The Tennessee Titans, Denver Broncos and San Francisco 49ers each understand that to land Peyton Manning, it will take a deal with parameters based on his previous contract of five years and $90 million.
The stage is set for Manning to make his choice of where he wants to play next. Various reports say he wants to make a decision by Tuesday at the latest.
Here's my take on each of Manning's possible destinations:
This is the destination that makes the least sense from a football standpoint. The Titans are bereft of offensive talent outside of the suddenly-dissapointing Chris Johnson and the perennially troubled Kenny Britt. Throw in the fact that offensive coordinator Chris Palmer's milquetoast scheme would need a major overhaul, and it's a far from attractive destination in terms of the football part of the equation.
The two major things the Titans can offer are money—and revenge. Owner Bud Adams has made it clear he will do everything short of change the name of the team to the Peytons to lure the future Hall of Famer. If Manning were to pick the Titans, he would receive two contracts—one for his work as a player and then another, post-playing days contract to be involved in the front office and figurehead for the franchise. If money is what Peyton wants, this is where he'll find it.
There's also the issue of revenge, not that Manning seems driven by this whatsoever. But the fact remains that the Titans reside in the same division as his former employer—if getting back at Colts owner Jim Irasy is in any way part of Manning's thinking—and we have no reason to think that it is—then the Titans offer a unique opportunity in that regard. Remember, there were several reports when Manning became a free agent that said he would jump at a chance to play with the Texans, but Houston wasn't interested. With an already potent offense, the Texans would have been the perfect vehicle for Manning to get revenge on Irsay and the Colts. The Titans would seem to offer the next best thing.
From the outset of Manning's free agency tour, I though the Broncos were little more than leverage. But Denver has turned out to be a real possibility, thanks in no small part to John Elway's steadfast pursuit. Denver's Tim Tebow offense would obviously need to be blown up, but offensive coordinator Mike McCoy has certainly shown that he is more than open to adjusting his attack to suit the talent on hand. Throw in a tough, young defense and it could be an attractive destination.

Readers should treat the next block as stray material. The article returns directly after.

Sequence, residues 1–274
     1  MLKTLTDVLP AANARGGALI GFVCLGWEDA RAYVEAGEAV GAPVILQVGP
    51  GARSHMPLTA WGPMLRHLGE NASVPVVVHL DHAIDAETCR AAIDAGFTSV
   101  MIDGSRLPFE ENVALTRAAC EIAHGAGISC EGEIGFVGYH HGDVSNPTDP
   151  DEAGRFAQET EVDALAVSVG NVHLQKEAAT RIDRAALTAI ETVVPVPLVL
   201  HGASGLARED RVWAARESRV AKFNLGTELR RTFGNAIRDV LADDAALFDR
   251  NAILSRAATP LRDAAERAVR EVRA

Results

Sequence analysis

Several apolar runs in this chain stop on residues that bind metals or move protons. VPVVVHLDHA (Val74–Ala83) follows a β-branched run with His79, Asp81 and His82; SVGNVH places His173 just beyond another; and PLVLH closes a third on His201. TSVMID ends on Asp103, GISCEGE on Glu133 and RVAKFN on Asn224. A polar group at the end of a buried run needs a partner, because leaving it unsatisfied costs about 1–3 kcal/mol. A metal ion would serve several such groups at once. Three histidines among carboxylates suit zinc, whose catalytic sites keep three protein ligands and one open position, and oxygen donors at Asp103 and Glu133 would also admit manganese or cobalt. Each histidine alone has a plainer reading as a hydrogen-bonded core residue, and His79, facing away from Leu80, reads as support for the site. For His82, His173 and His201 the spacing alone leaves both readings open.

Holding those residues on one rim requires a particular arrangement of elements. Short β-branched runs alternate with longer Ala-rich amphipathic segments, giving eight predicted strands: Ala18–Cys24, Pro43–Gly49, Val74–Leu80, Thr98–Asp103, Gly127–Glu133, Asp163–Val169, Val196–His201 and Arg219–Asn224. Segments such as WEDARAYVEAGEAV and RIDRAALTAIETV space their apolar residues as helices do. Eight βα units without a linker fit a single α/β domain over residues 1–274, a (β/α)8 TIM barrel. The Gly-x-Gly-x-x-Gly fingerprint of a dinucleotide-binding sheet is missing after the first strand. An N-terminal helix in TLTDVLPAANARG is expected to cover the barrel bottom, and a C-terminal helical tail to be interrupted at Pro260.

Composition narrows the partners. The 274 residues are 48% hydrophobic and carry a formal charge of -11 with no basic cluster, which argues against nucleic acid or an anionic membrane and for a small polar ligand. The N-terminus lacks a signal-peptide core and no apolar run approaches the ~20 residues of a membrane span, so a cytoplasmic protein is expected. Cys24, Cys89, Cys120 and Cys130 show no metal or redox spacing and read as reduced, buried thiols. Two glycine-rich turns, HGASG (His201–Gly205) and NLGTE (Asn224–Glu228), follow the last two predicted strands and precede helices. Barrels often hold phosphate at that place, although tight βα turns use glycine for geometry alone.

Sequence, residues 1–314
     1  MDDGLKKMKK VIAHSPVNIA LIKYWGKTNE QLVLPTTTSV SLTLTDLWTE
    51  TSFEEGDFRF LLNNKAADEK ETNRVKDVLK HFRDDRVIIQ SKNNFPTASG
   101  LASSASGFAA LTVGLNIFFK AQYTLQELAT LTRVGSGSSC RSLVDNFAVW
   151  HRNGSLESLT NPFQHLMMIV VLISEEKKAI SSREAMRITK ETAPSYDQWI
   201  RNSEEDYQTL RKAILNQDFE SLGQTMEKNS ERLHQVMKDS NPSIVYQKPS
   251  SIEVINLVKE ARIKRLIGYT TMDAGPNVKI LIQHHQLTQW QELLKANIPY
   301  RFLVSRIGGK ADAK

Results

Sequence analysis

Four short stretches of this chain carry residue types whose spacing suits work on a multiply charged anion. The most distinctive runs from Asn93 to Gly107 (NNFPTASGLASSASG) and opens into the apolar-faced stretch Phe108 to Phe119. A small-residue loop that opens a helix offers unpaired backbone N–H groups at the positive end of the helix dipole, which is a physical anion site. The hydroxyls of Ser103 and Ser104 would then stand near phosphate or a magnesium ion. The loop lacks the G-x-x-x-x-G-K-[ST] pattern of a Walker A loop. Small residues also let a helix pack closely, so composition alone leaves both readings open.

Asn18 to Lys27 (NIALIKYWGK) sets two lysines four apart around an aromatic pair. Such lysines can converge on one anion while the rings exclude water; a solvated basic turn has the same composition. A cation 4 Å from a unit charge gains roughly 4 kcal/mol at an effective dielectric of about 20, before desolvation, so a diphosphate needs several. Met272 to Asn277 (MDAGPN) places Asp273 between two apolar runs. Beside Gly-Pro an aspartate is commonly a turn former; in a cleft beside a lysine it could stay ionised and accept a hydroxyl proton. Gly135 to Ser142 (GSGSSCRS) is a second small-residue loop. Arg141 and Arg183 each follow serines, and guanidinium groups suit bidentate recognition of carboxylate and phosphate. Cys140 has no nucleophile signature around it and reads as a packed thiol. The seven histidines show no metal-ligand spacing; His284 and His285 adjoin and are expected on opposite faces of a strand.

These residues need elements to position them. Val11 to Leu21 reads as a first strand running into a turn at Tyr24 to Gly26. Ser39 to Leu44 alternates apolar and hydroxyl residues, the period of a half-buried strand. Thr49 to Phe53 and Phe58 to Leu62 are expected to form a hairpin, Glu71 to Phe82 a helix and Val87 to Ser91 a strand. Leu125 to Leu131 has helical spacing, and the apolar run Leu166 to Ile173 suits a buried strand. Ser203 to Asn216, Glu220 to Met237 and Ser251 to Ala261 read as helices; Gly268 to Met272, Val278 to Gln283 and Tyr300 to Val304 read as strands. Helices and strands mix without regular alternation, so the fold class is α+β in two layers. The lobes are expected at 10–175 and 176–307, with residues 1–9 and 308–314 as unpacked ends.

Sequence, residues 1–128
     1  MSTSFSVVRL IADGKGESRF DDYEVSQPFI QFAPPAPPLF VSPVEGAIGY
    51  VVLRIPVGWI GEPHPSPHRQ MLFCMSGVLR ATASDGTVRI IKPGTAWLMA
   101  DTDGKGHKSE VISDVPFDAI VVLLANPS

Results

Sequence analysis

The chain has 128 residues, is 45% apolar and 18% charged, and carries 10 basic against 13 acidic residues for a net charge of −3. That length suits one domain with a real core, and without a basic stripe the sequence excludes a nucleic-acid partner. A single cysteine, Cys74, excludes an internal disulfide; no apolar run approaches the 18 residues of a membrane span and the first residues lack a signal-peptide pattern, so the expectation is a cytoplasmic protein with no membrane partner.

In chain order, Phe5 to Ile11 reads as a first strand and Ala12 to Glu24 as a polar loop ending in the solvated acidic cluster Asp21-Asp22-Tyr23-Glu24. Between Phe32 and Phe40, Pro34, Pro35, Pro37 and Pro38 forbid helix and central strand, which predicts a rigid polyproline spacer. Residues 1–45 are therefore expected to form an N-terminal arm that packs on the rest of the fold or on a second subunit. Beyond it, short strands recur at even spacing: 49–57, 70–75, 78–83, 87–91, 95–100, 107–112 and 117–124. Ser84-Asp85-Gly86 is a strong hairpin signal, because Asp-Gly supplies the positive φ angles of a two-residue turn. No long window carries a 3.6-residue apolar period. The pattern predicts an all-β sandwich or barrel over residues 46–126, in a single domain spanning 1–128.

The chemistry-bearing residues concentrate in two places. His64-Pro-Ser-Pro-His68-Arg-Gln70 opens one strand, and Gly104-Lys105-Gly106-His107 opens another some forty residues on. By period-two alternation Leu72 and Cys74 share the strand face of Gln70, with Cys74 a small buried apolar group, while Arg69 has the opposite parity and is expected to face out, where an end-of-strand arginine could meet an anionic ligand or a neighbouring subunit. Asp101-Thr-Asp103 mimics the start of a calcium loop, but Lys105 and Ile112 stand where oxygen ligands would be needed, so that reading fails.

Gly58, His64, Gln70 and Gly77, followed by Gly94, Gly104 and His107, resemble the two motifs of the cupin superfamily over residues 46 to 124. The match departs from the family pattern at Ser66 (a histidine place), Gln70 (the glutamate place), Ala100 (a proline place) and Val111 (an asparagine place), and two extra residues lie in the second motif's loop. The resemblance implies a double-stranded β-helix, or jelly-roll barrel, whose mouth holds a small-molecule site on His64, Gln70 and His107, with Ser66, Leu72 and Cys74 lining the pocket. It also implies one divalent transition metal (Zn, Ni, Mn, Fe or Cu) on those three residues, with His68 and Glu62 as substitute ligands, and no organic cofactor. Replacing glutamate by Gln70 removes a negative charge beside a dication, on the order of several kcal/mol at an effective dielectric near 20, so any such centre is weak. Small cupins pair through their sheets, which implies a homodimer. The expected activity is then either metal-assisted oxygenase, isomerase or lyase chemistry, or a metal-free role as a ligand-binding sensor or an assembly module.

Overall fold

The Broncos, however, present the same problem the Titans do when it comes to offensive playmakers, maybe even more so. You're Peyton Manning—you've spent your entire career throwing to the likes of Marvin Harrison, Reggie Wayne and Dallas Clark—and now you're going to finish out your career throwing to Eric Decker and Daniel Fells? (Though I think Demaryius Thomas is an emerging talent at wide receiver...) Not to take anything away from those guys, but it's hard to believe that Manning is getting too excited at the prospect of starting over with a bunch of nondescript talent.
San Francisco 49ers
Which leads us to the obvious choice, if we're talking purely about a football decision (which it obviously isn't). The 49ers did an excellent job of concealing their interest in Manning, waiting until the final moments in the process to approach him, fly across the country and to watch him throw and to make their pitch.
The Niners were on the cusp of the Super Bowl last year. It must tear head coach Jim Harbaugh up inside to look at the fact that his offense was able to convert only one third down in the NFC Championship and that his wide receivers accounted for all of one catch...for three yards. Some of that was due to personnel but the major part was due to sub-standard play at the quarterback position. For as great as Alex Smith was against the New Orleans Saints in the Divisional Round, he was equally as awful in the NFC Championship. Adding Manning along with already signed free agents Randy Moss and Mario Manningham would pretty much ensure that the team would no longer need to worry about being so putrid converting third downs. Throw in a hard-grinding running game and one of the toughest defenses in the league, and this becomes a no-brainer.
I know some noise has been made about Manning wanting to steer clear of the NFC so as not to end up possibly meeting his brother Eli and the Giants in the playoffs. Utter nonsense. If the idea is to win another championship, Manning will pick the Niners and not give his brother another thought, or at least not until this theoretical matchup happens.
And that is what this all boils down to in my mind—if Peyton Manning is interested in winning, he'll be a 49er by Tuesday. If he's interested in being deified, he'll be a Titan. Sadly, for Broncos fans, I still think Denver is little more than a leverage play.
Does Peyton want to win—or does he want to be paid for the rest of his life? Those are essentially his choices. We'll see what Tuesday brings...